Is Compulsory Vaccination Compatible with Informed Consent?

By Ronald L. Scott

Recently the military has been criticized for requiring soldiers to take the Anthrax vaccine to protect against breathing weapons-dispersed anthrax spores. Vaccinations are a public health success story, protecting large numbers of the population from unnecessary disease. In 1900, more than 12,000 individuals contracted diphtheria. In 1996, no cases were reported. Similar reductions in incidence occurred for measles, mumps, polio, rubella and other diseases. However, immunizations undoubtedly cause harm to a small percentage of individuals taking a vaccine. Society uses some degree of coercion to require some individuals to be vaccinated in some circumstances, e.g., children who wish to attend public school. The law is well settled in such cases, and rests on sound principles of medical ethics and public policy. Although an individual receiving a vaccine bears some risk of adverse side effects, such individual also enjoys the public health benefits of the vaccination program. Even those not receiving a particular vaccination benefit from a healthy environment as a result of strong public polices favoring or requiring widespread vaccination. We still obtain "informed consent" from individuals (or their parents) taking a vaccine, but the element of coercion is strong enough to negate the real nature of informed consent. Some parents have objected to compulsory vaccination of their children on a variety of grounds. Some objections are medical in nature, i.e., the belief that the risk of possible adverse reactions outweighs the protection afforded by the vaccine. Some objections are more philosophical or religious in nature. Some advocates against compulsory vaccination propose limiting expansion of existing vaccination requirements for children, and allowing parents to "opt out" of existing mandates on religious or philosophical grounds. See web site for the advocacy group PROVE (Parents Requesting Open Vaccine Education) at

An adult taking a vaccination must be advised of the risks and benefits of the vaccine, together with the frequency and severity of any known side effects. An adult must consent to the vaccination and assuming he or she is adequately informed the legal and ethical elements of "informed consent" are present.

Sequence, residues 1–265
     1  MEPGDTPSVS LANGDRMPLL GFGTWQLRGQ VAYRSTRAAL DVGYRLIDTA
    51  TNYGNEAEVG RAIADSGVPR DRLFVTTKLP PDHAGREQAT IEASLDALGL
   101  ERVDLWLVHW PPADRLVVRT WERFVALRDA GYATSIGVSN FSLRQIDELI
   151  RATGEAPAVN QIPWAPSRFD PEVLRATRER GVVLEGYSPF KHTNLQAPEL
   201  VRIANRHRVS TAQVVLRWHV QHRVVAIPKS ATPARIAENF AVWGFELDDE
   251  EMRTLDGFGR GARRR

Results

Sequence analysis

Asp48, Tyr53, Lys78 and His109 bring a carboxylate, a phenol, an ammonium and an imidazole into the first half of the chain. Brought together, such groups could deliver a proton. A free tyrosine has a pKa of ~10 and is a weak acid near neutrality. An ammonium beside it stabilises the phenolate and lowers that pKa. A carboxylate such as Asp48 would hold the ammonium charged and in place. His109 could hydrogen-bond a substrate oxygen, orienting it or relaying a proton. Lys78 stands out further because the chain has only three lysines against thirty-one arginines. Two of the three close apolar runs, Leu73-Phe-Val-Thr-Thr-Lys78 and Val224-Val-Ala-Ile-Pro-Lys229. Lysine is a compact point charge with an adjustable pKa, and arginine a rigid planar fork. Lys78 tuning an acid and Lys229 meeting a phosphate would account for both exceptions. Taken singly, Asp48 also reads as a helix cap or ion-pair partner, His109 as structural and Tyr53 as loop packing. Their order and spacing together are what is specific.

According to the Department of Defense (DOD), members of the military are not asked to sign a consent form before being given anthrax vaccine. The official anthrax web site maintained by the DOD states: "This vaccine, like other vaccines, is fully licensed by the FDA and does not require signed consent (emphasis added). Vaccine recipients will be provided with appropriate information on the anthrax vaccine at the time of immunization, or upon their request at any other period." See

Rep. Christopher Shays remarked at a March 24, 1999 hearing that " those being ordered to take the vaccine face a profoundly personal choice, whether or not to put something in their bodies they fear may do more harm than good. After military service, the uniform comes off, but the anthrax vaccine stays with you for life. Itís just not the commitment many dedicated men and women made to their country when they volunteered for military service." See at Military law allows the armed forces to severely discipline any member who refuses to take the vaccine. Pentagon officials recently rejected a call by the House Government Reform national security subcommittee to suspend the vaccination program on grounds that some military members do not trust the militaryís medical information. See Pentagon to Keep Anthrax Program at

The military has overstepped ethical if not legal bounds in administering the anthrax vaccine without obtaining the informed consent of members, and in issuing harsh punishment to members who refuse to take the vaccine.